Several things presented themselves to your host this morning for contemplation and synthesis. They span several decades in terms of life experience, wrapping themselves around a playlist called “sacred heart”, wherein we avoid the sentimentality of many “Jesus is my boyfriend” praise and worship songs by going right for the eroticism of popular love songs. It was k.d. lang’s “Constant Craving” that triggered this line of thought. “Maybe,” she sings. “A great magnet pulls / All souls to what’s true.” St Thomas, the realization dawns, agrees: this “constant craving has always been.”
C.S. Lewis’ The Four Loves is perhaps known to the reader. This seminal work explores four different Greek words used in the Bible, all of which can be translated as “love”. Lewis explores the meaning of each and their application to the Christian life. Briefly they are:
Eros or erotic desire
Storge, familial or affective love
Agape, divine, disinterested charity
It is this last which Lewis ranks highest. On a scale of one to ten Agape is at infinity and beyond. Lewis may have missed how the other loves can be divine or, more to the point, the part they play in our salvation.
In Catholic teaching all love, properly ordered, is divinely gifted to us to draw us to God. God is love, as St John says. The Catechism agrees – but it uses all the Latin words for love:
God is Love (Caritas)
218 In the course of its history, Israel was able to discover that God had only one reason to reveal himself to them, a single motive for choosing them from among all peoples as his special possession: his sheer gratuitous love (amorem). And thanks to the prophets Israel understood that it was again out of love (amorem) that God never stopped saving them and pardoning their unfaithfulness and sins.
219 God’s love (amor) for Israel is compared to a father’s love (amori) for his son. His love (amat) for his people is stronger than a (amor amore) mother’s for her children. God loves (amat) his people more than a bridegroom his beloved (dilectam); his love (amor) will be victorious over even the worst infidelities and will extend to his most precious gift: “God so loved (dilexit) the world that he gave his only Son.”
220 God’s love (Dilectio) is “everlasting”: “For the mountains may depart and the hills be removed, but my steadfast love (misericordia) shall not depart from you.” Through Jeremiah, God declares to his people, “I have loved (caritate) you with an everlasting love (dilexi); therefore I have continued my faithfulness to you (misericordia).”
221 But St. John goes even further when he affirms that “God is love” (caritas): God’s very being is love. (ipsum Dei Esse est amor). By sending his only Son and the Spirit of Love (Spiritum amoris) in the fullness of time, God has revealed his innermost secret: God himself is an eternal exchange of love (Ipse aeterne est amoris commercium), Father, Son and Holy Spirit, and he has destined us to share in that exchange.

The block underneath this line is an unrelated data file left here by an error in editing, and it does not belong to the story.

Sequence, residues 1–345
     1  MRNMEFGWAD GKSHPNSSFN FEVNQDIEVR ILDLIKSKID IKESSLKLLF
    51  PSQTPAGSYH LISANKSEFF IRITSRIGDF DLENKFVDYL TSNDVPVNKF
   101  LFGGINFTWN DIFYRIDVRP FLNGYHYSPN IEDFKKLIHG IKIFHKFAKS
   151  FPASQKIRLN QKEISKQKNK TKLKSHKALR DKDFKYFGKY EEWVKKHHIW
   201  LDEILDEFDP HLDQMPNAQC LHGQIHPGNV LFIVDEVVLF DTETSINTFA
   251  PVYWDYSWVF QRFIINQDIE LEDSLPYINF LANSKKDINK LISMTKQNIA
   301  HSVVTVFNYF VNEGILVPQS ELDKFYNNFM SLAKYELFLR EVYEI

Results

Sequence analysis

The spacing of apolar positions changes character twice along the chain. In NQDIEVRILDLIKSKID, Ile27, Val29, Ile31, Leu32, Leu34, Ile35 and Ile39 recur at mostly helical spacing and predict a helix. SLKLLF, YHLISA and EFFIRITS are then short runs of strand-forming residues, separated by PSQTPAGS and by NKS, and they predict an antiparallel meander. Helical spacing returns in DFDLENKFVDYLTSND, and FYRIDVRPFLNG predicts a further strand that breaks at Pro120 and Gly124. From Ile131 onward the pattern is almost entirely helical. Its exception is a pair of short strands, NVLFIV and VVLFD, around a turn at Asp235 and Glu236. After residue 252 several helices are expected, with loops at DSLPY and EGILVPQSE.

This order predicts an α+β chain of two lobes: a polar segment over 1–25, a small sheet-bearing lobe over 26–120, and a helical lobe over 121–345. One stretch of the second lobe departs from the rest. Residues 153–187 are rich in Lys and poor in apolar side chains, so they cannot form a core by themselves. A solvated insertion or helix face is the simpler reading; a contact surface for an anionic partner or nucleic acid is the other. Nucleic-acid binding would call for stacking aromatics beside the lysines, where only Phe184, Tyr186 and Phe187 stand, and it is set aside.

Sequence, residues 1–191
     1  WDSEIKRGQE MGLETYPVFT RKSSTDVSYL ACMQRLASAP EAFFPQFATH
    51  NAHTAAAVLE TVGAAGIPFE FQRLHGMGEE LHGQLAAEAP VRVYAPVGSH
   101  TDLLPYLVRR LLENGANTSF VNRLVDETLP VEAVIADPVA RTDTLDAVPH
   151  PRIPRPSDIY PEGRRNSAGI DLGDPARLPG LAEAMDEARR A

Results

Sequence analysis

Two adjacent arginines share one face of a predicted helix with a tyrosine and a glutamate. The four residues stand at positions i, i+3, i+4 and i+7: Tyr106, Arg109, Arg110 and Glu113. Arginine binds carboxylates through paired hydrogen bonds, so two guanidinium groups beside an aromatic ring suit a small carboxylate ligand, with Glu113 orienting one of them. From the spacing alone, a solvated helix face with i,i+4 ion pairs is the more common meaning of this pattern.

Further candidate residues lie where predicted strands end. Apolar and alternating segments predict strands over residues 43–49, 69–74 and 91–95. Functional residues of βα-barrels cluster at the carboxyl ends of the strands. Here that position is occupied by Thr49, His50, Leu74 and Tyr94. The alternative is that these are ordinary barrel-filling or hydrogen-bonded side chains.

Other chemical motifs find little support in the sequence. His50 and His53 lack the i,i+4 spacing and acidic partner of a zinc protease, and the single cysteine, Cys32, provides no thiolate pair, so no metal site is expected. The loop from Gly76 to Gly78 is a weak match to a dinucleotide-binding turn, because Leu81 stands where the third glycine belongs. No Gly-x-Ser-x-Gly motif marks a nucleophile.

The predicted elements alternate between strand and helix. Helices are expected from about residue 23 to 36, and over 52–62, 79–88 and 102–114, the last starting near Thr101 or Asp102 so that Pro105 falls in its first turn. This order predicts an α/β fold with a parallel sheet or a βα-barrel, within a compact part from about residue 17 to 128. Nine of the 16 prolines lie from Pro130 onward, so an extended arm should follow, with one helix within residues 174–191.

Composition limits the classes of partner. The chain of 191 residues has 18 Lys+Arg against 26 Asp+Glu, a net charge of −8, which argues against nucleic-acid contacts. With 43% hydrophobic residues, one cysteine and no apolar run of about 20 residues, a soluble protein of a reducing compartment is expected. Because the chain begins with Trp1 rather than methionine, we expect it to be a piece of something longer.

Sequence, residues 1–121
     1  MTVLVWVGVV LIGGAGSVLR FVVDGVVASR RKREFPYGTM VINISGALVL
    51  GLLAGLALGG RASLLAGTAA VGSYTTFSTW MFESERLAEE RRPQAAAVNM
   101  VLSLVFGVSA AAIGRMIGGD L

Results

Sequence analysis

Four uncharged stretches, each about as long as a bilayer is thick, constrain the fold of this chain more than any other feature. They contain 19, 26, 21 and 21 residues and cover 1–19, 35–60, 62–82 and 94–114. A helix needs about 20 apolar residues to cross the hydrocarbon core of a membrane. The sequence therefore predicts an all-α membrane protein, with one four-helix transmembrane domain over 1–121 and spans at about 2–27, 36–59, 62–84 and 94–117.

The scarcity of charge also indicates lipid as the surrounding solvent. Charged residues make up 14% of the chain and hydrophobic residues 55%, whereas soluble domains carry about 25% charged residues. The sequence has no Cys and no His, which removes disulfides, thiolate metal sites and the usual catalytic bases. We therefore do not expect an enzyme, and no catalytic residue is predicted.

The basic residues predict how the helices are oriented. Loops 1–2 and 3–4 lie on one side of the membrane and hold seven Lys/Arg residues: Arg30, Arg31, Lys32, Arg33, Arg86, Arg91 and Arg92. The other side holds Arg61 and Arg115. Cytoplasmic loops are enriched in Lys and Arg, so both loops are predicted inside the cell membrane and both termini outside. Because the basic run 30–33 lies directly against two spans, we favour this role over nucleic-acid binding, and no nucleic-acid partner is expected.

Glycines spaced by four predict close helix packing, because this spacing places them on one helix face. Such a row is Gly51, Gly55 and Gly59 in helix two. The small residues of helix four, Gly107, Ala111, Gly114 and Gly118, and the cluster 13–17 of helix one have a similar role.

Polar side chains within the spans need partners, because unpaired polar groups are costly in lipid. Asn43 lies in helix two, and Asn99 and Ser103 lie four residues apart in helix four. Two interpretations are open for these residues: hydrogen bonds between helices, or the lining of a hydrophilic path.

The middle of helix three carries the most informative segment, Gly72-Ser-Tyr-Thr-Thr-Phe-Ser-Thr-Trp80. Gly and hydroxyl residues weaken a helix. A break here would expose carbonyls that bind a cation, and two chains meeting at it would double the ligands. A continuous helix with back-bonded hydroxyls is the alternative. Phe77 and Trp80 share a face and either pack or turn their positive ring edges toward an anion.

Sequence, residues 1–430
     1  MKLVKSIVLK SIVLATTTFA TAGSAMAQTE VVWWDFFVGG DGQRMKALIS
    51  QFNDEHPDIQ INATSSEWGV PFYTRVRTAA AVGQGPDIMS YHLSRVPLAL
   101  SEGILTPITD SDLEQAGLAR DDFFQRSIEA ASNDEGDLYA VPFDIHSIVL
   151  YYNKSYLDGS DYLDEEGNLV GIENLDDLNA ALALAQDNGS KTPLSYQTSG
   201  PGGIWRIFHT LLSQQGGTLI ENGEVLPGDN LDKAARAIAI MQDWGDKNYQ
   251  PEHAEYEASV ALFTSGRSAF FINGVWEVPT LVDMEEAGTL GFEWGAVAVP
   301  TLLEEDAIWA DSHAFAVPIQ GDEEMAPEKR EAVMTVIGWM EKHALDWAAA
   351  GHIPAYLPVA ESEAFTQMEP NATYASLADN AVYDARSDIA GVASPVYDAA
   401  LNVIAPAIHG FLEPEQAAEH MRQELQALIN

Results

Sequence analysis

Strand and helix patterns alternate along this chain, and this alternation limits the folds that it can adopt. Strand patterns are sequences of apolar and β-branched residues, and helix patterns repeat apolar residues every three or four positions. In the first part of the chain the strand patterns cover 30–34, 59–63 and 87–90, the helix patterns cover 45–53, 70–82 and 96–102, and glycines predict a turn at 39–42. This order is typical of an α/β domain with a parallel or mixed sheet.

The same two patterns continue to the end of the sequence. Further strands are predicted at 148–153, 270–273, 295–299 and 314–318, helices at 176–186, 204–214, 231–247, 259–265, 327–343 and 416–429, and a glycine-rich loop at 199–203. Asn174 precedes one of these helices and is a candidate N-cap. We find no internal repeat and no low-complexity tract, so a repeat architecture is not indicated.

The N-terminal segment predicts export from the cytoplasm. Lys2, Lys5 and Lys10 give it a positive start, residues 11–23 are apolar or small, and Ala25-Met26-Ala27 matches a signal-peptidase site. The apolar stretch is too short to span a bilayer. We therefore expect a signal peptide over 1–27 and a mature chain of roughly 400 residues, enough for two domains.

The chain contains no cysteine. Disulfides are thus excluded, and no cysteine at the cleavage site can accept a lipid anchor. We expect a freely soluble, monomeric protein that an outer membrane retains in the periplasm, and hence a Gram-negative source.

Notice there how many times “Amor” or erotic love is used. Yes, Caritas (charity or agape) is mentioned as is “dilexi” which can be rendered “like” or “fondness for”. But it is “Amor” that becomes the very nature of God, the very being of God is Amor, and he is an “eternal exchange of Amor”. There’s something here about divine desire for us – about our desire for God
This quest goes way back. My former (Episcopal) Pastor, Donald Schell, pointed out in a class on the Church Fathers that St Ignatius of Antioch says in his Epistle to the Romans, “ο εμος ερως εσταυρωται,” “my eros has been crucified…” He is not speaking of his eros being “turned off” or killed. Who or what is his eros? Is he speaking of Jesus as his eros? Or is he speaking of his personal desire being made cruciform? “I desire the bread of God, the heavenly bread, the bread of life, which is the flesh of Jesus Christ, the Son of God, who became afterwards of the seed of David and Abraham; and I desire the drink of God, namely His blood, which is incorruptible love and eternal life.”
Properly ordered, our very desire is turned to God-ward. We yearn for God. We thirst for God.
When it is properly ordered, our eros draws us to God. Pope Benedict wrote in 2005, “eros is somehow rooted in man’s very nature; Adam is a seeker, who “abandons his mother and father” in order to find woman; only together do the two represent complete humanity and become “one flesh”. The second aspect is equally important. From the standpoint of creation, eros directs man towards marriage, to a bond which is unique and definitive; thus, and only thus, does it fulfil its deepest purpose. Corresponding to the image of a monotheistic God is monogamous marriage. Marriage based on exclusive and definitive love becomes the icon of the relationship between God and his people and vice versa. God’s way of loving becomes the measure of human love. This close connection between eros and marriage in the Bible has practically no equivalent in extra-biblical literature.”